Chief Minister Andrew Barr has pivoted back to his government's handling of the coronavirus crisis in the dying days of the ACT election campaign, while the Liberals again used props and slogans to try to convince Canberrans they would lower the cost of living.
Both leaders faced questions on their costings, with hundreds of millions of dollars' worth of policies from both sides yet to be scrutinised by Treasury.
Liberal leader Alistair Coe failed to submit some of the party's most costly and significant promises to Treasury for costing.
Those promises included their pledge to halve elective surgery waiting times, add eight theatres to the Canberra Hospital expansion without added costs, and freeze residential rates for four years. However, Mr Coe said the Liberals had been honest and accountable.
"Every single day I've been before the media, I've been knocking on doors, I've been at shopping centres, I've been around Canberra talking about our polices," he said.
Every single day I've been before the media, I've been knocking on doors, I've been at shopping centres, I've been around Canberra talking about our policies.Alistair Coe
Labor has submitted its major polices for costing, however some of those policies were only received by Treasury on Wednesday. It means Treasury may not have time to complete those costings.
Mr Coe was asked why he had repeatedly refused to directly answer questions in his daily media conferences.
He did not answer the question, but said Labor was "old and tired" and arrogant. The Liberals used the second-last day of pre-polling to erect a wall of boxes with the slogan "cost of living" on it, before knocking it down.
Meanwhile Labor headed to the EPIC testing centre for its daily media event. Mr Barr used the event to mark 100,000 COVID tests taken in the ACT.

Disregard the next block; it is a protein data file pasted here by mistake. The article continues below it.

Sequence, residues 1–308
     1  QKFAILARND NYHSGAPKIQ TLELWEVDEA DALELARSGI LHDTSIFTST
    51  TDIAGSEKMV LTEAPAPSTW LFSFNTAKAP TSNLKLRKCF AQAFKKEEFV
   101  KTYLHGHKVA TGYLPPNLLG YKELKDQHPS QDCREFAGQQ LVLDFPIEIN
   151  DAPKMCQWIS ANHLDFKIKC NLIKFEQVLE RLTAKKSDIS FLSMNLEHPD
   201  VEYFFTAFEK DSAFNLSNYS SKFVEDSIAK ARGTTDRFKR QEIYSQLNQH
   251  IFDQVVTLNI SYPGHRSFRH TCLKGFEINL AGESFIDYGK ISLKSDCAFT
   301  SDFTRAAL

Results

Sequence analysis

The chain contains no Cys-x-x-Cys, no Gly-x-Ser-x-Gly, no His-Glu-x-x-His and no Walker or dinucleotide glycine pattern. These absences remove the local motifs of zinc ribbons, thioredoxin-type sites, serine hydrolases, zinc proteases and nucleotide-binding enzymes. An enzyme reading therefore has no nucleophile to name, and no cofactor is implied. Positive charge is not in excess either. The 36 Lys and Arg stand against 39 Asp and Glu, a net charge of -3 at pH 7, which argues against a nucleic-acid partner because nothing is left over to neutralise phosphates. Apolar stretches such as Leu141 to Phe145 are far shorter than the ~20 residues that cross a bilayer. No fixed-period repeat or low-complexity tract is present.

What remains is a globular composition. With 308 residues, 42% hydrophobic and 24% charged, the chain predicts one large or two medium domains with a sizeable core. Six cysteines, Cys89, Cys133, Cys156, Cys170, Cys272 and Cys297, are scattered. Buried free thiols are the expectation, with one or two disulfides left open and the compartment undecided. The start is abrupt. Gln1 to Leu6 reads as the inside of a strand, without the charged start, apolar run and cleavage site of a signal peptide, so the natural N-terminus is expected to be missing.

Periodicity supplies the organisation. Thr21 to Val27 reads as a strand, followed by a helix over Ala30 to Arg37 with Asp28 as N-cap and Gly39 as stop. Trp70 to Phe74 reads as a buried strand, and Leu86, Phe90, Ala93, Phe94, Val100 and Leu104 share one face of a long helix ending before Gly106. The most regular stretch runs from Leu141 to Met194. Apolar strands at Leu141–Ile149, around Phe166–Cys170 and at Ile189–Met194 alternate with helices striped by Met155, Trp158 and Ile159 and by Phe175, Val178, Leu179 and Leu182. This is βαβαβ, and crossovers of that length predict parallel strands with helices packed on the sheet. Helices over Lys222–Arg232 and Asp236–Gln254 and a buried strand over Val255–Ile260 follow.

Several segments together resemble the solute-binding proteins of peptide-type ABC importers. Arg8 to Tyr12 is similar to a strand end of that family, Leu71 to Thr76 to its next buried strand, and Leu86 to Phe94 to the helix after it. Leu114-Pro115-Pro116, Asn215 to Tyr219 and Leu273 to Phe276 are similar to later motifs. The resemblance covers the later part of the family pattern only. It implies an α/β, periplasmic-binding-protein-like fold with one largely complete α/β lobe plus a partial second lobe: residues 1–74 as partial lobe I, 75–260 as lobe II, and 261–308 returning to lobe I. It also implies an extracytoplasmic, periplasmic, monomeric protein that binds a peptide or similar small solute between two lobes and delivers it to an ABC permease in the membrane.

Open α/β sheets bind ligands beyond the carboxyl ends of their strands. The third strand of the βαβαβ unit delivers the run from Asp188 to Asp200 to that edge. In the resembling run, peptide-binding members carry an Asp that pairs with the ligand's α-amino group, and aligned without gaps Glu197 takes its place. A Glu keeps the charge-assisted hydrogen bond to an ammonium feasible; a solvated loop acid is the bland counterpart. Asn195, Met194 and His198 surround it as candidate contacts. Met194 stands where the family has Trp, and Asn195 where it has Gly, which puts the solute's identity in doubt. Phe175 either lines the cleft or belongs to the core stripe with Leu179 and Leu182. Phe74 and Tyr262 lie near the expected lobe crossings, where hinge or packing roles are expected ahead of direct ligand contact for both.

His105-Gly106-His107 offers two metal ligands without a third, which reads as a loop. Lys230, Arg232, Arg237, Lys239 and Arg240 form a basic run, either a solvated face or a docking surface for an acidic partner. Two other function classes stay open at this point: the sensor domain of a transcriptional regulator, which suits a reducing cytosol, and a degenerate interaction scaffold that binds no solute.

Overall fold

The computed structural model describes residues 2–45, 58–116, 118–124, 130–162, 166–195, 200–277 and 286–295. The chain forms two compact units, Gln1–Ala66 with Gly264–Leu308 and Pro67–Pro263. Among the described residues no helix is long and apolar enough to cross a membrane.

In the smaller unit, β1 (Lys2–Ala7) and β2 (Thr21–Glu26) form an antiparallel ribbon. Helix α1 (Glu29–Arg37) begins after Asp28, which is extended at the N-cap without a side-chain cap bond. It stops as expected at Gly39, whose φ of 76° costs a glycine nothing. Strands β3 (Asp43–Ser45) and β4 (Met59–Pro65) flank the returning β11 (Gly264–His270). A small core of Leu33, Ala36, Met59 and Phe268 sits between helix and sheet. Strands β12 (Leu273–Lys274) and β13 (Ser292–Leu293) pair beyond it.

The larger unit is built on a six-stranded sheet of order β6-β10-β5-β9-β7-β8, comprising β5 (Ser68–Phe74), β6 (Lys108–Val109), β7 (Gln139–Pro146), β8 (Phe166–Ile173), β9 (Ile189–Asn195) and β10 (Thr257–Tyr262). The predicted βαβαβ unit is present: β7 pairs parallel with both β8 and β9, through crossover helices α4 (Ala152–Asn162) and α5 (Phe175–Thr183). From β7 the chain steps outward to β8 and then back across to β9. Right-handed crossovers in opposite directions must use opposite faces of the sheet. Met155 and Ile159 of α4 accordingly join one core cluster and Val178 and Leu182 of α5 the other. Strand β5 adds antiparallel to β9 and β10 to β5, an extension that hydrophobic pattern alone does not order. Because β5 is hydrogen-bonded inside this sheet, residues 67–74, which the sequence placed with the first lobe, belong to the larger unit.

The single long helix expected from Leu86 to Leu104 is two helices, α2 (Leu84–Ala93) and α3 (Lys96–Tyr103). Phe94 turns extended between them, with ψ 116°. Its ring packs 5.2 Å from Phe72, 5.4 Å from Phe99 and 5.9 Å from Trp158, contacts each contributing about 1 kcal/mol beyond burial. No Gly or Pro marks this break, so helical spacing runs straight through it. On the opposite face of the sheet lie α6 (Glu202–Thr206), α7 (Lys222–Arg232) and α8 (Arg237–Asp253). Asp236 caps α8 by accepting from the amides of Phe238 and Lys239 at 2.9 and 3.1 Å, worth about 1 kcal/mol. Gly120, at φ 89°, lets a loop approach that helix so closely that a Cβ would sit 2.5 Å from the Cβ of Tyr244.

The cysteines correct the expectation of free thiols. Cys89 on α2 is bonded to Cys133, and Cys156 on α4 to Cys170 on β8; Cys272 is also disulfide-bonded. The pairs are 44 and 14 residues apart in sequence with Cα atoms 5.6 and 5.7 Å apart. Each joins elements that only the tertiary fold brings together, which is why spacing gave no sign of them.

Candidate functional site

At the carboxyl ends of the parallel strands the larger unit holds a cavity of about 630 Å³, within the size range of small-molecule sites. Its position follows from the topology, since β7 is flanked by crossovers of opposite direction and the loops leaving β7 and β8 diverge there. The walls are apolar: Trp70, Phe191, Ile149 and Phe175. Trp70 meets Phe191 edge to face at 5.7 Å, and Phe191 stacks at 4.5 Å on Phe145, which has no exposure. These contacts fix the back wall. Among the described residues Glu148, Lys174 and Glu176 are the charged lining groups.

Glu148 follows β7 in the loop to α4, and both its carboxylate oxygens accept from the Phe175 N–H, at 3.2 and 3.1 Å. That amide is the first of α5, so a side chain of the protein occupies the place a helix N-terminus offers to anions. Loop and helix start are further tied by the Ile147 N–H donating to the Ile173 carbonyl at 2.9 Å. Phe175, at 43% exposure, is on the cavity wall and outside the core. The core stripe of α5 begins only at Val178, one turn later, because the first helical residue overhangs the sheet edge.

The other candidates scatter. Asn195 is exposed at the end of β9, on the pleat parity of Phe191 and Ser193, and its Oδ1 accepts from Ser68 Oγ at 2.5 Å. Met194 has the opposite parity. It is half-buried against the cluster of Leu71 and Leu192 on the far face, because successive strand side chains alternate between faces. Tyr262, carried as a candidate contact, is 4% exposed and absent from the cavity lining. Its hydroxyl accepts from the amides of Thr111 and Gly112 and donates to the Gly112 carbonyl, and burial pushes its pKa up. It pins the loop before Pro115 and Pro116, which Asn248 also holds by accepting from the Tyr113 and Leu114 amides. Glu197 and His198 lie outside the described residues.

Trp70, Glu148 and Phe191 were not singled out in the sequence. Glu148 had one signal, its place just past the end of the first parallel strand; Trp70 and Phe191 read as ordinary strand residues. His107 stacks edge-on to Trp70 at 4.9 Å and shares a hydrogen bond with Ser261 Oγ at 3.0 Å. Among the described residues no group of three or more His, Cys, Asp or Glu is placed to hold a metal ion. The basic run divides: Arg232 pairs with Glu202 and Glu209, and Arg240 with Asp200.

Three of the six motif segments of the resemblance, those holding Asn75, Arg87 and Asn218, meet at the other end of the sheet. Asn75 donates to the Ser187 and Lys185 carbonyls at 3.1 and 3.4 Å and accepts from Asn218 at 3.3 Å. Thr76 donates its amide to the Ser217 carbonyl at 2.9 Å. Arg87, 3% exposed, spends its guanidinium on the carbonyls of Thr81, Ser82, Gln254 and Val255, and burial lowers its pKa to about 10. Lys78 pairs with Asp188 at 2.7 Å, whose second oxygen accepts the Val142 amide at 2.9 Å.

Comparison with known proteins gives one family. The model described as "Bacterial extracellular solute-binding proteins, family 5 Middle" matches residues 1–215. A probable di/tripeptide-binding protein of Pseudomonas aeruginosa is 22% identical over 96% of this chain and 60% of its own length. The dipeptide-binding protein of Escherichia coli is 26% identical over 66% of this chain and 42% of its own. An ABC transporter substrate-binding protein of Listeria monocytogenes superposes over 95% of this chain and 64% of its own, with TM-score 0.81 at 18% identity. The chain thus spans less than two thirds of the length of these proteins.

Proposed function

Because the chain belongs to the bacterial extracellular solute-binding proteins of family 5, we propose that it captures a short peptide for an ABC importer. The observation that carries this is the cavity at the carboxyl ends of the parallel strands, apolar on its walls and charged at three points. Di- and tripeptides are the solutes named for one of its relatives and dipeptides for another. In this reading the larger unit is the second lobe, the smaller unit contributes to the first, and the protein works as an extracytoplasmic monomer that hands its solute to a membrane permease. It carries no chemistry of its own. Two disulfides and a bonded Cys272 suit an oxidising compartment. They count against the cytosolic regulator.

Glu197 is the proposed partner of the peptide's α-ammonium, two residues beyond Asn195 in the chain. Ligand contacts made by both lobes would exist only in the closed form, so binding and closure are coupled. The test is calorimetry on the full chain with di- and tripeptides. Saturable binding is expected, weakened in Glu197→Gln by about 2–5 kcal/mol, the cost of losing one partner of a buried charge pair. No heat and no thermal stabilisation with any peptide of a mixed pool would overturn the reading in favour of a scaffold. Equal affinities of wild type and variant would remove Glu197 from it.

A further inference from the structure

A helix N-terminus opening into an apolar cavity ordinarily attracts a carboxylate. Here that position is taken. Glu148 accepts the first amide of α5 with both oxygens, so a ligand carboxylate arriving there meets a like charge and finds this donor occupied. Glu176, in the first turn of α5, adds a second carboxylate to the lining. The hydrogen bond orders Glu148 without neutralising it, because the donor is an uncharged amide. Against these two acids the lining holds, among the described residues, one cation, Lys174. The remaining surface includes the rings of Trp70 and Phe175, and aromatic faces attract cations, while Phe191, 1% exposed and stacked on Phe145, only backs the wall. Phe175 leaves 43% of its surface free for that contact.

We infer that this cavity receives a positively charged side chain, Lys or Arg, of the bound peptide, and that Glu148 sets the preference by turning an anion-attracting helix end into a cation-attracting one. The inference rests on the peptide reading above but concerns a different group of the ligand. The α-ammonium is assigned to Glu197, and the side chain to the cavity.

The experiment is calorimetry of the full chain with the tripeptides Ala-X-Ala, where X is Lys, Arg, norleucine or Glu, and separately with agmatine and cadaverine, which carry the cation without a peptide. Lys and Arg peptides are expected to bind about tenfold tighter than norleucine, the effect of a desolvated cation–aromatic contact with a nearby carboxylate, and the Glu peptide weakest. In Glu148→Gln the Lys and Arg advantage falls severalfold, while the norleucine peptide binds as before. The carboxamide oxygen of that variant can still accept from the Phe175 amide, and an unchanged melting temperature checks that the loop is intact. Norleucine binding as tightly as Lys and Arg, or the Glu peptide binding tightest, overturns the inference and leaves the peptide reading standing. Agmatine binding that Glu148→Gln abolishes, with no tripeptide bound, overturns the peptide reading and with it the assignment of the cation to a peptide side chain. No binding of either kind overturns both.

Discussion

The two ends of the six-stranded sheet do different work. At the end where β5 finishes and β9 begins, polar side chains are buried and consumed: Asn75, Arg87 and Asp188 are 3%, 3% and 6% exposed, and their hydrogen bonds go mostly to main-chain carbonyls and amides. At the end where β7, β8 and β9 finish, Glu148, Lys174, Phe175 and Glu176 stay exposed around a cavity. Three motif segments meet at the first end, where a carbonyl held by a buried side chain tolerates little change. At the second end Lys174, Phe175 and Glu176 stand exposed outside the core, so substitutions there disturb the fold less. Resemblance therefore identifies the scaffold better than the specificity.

He was asked if Labor was relying on its response to the pandemic to be re-elected.
"I wouldn't say relying on it, but we certainly put it forward to the community as evidence of what an experienced, progressive government can deliver for this city," he said.
"I do take issue with what [Coe] has done at various points in the pandemic ... I think that's appropriate because it does go to questions of leadership, of judgment, and how you manage a crisis like this - and they are issues that are front and centre in this campaign."
The ACT Greens said they would push to expand the midwife-led birth centre at Centenary Hospital for Women and Children, as well as explore a stand-alone birth centre.
The party said while the birth centre had high levels of satisfaction and good clinical outcomes, many mothers missed out due to long waitlists.
"The Greens know that birthing centres are a great option for so many parents, and we want these options expanded so more parents can access it," the party's Murrumbidgee candidate Emma Davidson said.